Example: [Cerf, 1970]
Then he drove round the bend himself — and crashed head-on into the biggest pig he ever had seen.
Origins: The first print sighting of this tale is the one quoted above, from 1970. At that time the story was set in England, a land of twisty little back roads and extremely high hedges. Such a setting makes the scenario of one motorist's screaming out to another about an upcoming road hazard all the more plausible.
But as urban legends do, this one migrated to the United States. In 1984, it turned up in the
I'm having a hard time picturing any Oklahoma farmer jumping up and down by the side of a road when he could be over the next rise rounding up the pig. As a story, it works better when it's two motorists coming together — one who has already had to swerve to avoid the porker, and another who doesn't know what's coming up. Putting a farmer into the tale causes it to lose whatever believability it ever had; even if the pig didn't belong to that particular fellow, rare is the farmer who would leave his neighbor's livestock to be run over instead of doing something about it.
Sometimes simple little urban legends work best as thinly-disguised advice, as this one does. "Don't be so quick to assume the worst," says the tale. "Not everything means what you think it does when it first lands on your ears."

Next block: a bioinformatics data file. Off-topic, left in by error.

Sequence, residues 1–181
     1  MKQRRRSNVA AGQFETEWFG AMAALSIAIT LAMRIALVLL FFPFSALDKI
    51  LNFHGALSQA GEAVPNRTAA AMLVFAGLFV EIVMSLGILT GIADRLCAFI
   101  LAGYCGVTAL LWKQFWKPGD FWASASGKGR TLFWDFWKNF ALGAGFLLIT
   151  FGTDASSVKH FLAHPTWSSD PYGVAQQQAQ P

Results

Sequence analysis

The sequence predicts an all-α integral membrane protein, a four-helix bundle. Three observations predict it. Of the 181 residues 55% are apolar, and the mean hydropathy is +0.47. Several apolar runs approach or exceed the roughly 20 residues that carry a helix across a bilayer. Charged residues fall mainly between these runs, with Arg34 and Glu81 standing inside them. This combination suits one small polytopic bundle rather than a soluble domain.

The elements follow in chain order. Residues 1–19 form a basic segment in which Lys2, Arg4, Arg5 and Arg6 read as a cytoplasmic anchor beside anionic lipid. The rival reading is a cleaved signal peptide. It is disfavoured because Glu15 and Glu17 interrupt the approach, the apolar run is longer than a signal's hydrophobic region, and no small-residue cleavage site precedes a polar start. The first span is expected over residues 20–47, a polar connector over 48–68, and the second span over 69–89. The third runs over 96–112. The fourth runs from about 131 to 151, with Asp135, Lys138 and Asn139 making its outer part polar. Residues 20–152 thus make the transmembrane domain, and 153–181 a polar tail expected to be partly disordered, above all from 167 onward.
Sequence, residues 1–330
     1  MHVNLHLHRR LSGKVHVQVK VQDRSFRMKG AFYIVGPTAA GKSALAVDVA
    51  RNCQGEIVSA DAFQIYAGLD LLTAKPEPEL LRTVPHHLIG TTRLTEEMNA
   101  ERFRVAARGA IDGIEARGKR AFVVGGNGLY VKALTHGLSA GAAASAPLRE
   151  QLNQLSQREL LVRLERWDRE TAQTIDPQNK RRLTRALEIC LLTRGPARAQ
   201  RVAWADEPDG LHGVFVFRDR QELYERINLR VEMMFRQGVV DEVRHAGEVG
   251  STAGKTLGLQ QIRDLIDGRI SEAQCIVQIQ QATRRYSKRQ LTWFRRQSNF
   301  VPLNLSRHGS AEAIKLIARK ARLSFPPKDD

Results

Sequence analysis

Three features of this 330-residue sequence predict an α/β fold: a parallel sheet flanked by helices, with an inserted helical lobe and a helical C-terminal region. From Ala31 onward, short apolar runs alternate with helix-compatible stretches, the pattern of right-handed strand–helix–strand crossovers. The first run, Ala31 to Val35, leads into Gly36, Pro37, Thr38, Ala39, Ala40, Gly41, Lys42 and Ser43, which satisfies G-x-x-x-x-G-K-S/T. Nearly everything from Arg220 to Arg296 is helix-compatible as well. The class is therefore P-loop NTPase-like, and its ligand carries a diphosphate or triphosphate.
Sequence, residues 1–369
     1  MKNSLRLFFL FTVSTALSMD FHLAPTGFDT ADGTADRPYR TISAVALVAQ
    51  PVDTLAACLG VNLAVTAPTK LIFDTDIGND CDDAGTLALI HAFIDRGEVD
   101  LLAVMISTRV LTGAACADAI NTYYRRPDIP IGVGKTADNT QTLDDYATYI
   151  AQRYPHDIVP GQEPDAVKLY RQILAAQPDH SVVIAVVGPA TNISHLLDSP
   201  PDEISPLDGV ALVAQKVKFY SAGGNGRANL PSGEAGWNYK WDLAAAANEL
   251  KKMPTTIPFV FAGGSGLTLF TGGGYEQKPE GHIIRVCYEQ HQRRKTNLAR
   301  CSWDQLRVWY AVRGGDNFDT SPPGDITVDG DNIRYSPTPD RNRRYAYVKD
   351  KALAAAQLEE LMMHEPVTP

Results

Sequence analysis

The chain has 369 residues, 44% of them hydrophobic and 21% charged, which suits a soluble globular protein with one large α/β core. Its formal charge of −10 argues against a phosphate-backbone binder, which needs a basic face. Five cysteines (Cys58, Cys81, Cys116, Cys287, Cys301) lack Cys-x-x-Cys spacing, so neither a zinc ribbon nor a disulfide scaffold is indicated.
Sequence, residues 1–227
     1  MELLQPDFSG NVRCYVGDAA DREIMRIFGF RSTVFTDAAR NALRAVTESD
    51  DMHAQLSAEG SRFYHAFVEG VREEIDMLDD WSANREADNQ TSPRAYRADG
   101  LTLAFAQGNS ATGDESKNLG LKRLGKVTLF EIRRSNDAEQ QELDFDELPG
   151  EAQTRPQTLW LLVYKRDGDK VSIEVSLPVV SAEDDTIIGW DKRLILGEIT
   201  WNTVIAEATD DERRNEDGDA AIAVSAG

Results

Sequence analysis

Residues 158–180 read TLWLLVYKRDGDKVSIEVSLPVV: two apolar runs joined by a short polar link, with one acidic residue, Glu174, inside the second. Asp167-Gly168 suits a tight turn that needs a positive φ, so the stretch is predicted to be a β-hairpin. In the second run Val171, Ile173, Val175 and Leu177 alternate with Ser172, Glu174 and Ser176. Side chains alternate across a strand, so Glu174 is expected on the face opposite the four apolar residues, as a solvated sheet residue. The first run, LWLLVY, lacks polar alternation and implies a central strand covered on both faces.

An unusual take on the legend restructures it to have a different meaning, one stressing the importance of clarity of expression:
A man driving along a curve in the road passes two monks. In passing the two monks cry out "The end is near!" The driver sneers and continues on down the road. After the driver screeches and screams, one monk turns to the other and says "I knew we should have yelled 'Bridge out!'"
Last updated: 7 April 2011
Brunvand, Jan Harold. Curses! Broiled Again! New York: W. W. Norton, 1989. ISBN 0-393-30711-5 (pp. 127-128). Brunvand, Jan Harold. The Mexican Pet. New York: W. W. Norton, 1986. ISBN 0-393-30542-2 (p. 62). Brunvand, Jan Harold. Too Good To Be True. New York: W. W. Norton, 1999. ISBN 0-393-04734-2 (pp. 115-116). 1. Cerf, Bennett. The Sound of Laughter. New York: Doubleday and Company, 1970 (p. 439). Morley, Robert. Robert Morley's Second Book of Bricks. UK: Coronet Books, 1982 (p. 62).
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